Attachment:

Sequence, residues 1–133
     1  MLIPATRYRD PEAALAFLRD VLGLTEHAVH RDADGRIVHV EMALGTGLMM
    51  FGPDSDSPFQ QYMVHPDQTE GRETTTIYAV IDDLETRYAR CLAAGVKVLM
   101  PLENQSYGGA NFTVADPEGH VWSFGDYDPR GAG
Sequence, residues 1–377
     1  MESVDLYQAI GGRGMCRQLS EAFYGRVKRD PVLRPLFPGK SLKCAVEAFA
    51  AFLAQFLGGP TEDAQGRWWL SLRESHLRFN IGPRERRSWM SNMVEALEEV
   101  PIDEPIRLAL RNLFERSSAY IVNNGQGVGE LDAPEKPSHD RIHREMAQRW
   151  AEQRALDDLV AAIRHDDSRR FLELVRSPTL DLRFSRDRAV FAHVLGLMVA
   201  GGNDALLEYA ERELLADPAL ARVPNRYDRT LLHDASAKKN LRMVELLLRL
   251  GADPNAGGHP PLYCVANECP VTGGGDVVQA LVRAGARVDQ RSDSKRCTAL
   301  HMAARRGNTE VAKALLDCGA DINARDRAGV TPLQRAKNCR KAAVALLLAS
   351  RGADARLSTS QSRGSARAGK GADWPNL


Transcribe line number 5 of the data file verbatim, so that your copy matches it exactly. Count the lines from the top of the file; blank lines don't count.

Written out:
Sequence, residues 1–377